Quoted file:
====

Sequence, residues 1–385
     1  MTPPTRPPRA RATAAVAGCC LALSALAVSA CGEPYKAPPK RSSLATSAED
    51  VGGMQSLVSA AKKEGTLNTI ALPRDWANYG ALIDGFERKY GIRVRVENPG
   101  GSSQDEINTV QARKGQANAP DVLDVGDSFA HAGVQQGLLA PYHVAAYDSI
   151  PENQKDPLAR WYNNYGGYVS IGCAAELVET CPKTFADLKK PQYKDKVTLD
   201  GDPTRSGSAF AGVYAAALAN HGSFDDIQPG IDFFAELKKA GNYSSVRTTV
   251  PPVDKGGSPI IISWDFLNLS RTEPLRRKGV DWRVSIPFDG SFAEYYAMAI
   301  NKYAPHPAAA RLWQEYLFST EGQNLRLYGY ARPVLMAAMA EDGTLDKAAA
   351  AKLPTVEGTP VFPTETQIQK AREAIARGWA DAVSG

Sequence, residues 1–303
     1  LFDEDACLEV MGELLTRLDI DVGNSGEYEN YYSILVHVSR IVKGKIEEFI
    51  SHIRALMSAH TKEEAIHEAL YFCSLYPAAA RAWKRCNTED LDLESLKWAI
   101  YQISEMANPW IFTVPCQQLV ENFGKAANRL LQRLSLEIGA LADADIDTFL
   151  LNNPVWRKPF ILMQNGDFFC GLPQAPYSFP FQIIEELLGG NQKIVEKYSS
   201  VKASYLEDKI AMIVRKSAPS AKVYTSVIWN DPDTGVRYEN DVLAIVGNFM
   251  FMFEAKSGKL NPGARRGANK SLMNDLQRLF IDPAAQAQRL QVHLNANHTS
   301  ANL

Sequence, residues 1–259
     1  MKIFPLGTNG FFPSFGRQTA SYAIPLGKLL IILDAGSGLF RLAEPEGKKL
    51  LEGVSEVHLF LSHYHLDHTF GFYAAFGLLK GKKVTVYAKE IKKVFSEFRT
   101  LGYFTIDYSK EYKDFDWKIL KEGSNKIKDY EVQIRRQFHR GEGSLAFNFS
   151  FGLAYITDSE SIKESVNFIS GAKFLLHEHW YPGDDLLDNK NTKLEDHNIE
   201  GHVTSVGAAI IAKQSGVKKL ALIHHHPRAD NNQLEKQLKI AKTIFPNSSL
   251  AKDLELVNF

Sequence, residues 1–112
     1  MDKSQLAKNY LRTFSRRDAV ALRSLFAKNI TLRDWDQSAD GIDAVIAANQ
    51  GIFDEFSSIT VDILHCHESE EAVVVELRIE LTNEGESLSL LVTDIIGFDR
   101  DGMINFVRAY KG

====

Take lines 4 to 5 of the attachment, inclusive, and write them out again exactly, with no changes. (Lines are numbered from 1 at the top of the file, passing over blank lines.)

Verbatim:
   101  GSSQDEINTV QARKGQANAP DVLDVGDSFA HAGVQQGLLA PYHVAAYDSI
   151  PENQKDPLAR WYNNYGGYVS IGCAAELVET CPKTFADLKK PQYKDKVTLD